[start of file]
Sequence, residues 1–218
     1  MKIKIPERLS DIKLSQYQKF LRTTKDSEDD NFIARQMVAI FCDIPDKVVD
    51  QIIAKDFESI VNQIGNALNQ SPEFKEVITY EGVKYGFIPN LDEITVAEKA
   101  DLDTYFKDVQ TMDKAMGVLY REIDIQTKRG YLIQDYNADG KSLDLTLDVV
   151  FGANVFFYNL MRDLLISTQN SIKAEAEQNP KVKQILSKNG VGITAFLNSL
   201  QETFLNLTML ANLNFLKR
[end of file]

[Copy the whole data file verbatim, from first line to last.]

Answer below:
Sequence, residues 1–218
     1  MKIKIPERLS DIKLSQYQKF LRTTKDSEDD NFIARQMVAI FCDIPDKVVD
    51  QIIAKDFESI VNQIGNALNQ SPEFKEVITY EGVKYGFIPN LDEITVAEKA
   101  DLDTYFKDVQ TMDKAMGVLY REIDIQTKRG YLIQDYNADG KSLDLTLDVV
   151  FGANVFFYNL MRDLLISTQN SIKAEAEQNP KVKQILSKNG VGITAFLNSL
   201  QETFLNLTML ANLNFLKR